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3) Disruptions at top two copper mines threaten global supply
COMMODITIES | Wed Feb 8, 2017 | 8:48am EST
 
By Wilda Asmarini | JAKARTA
Disruptions at the world's two biggest copper mines by strikes and other issues this week are threatening to reduce global supplies of the metal, pushing benchmark prices back towards their highest levels for the year so far.
BHP Billiton said it would halt output in Chile at its Escondida mine, the biggest copper producer, during a strike to begin on Thursday. Freeport-McMoRan Inc warned it will scale back output at its Grasberg mine in Indonesia, the second-biggest, amid a smelter strike and issues over renewal of its mining permit.
 
Graphic: Copper prices surge as mines set to cut output - here
 
Three-month copper on the London Metal Exchange gained more than 2 percent during trading on Wednesday to $5,925 a ton on the supply threat, with analysts noting they had already been expecting tighter supplies this year. [MET/L]
Standard Chartered estimated that more than 5,000 tonnes of copper production would be lost each day that both BHP and Freeport were curtailing or halting output at their mines.
In Indonesia, a strike at the country's biggest copper smelter, which is Freeport's sole domestic offtaker of copper concentrate, has added to the company's woes.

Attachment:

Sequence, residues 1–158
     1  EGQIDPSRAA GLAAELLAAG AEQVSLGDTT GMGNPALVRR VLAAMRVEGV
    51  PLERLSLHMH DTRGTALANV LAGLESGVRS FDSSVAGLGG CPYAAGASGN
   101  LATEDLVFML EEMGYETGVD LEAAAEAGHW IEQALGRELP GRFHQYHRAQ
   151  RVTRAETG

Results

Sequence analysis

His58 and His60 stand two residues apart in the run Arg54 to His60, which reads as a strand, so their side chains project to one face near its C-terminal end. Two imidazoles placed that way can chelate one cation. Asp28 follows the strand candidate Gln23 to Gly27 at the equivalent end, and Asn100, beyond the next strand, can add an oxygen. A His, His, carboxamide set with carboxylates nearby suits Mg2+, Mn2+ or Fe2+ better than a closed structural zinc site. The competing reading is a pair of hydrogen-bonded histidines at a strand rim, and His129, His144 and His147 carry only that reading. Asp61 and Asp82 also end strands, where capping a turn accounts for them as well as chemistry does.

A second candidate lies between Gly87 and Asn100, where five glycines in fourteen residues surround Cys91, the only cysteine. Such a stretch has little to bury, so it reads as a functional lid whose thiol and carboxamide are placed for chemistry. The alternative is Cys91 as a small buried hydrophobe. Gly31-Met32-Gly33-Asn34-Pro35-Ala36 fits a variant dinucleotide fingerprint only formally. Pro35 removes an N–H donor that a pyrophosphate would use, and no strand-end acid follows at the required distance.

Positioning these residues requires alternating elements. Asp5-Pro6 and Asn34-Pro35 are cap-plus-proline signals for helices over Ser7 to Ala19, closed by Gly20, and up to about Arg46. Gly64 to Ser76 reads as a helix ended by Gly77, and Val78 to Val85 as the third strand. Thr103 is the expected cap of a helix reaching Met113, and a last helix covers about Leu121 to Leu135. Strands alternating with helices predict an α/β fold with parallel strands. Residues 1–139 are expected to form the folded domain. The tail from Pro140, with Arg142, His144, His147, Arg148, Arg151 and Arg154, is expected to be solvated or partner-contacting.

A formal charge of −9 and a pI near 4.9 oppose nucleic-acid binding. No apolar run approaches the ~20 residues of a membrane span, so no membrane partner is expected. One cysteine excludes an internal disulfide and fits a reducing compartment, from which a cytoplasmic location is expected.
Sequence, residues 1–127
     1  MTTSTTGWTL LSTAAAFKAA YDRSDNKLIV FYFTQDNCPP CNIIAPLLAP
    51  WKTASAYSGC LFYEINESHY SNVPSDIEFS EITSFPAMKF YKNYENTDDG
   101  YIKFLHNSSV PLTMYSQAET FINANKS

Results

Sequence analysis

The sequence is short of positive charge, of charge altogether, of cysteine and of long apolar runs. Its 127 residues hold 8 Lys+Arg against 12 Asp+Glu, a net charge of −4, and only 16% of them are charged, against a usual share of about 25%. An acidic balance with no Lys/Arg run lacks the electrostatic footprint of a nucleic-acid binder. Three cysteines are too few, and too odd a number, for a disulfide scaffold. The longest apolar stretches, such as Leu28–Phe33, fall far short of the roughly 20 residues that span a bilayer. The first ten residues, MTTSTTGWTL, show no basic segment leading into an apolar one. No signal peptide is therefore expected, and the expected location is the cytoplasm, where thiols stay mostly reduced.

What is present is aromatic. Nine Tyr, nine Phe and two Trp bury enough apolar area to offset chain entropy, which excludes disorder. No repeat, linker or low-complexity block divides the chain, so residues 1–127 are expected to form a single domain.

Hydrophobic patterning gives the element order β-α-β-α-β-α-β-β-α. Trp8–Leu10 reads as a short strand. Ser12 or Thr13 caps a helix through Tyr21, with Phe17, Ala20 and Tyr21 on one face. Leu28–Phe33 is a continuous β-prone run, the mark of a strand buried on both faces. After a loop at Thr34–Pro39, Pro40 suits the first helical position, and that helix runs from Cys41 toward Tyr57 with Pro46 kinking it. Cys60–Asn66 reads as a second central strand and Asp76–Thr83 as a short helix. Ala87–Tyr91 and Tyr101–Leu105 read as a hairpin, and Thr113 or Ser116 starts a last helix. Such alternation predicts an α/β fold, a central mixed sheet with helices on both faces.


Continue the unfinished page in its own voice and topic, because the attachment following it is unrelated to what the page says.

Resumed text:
Freeport had warned last week it could be forced to cut staff and production at Grasberg if it did not get a new export permit by mid-February.
Freeport Indonesia spokesman Riza Pratama on Wednesday confirmed by text message that the company planned to begin copper output cuts.
 
"We are still negotiating with the government," Pratama told Reuters, looking for a "way out so that we can export again."
Concentrate exports from the mine in Papua, Indonesia, were halted on Jan. 12 as part of Indonesia's push to add value domestically to natural resources.
In Chile, the main union for workers at Escondida said that unlike other recent labor actions the strike scheduled for Thursday could be lengthy.
Standard Chartered said a strike of 25 days would equate to lost output of 85,000 tonnes, more than an expected global surplus of 80,000 tonnes.
The threat of the output reductions also boosted Shanghai Futures Exchange copper by nearly 2 percent.
Swiss investment bank UBS said tight copper supplies this year, along with the disruptions, could push prices for the metal to $3 a pound, or more than $6,600 a ton, which would be the highest for the metal since November 2014.
 
(Reporting by Wilda Asmarini; Additional reporting by Susan Taylor; Writing by Fergus Jensen; Editing by Tom Hogue)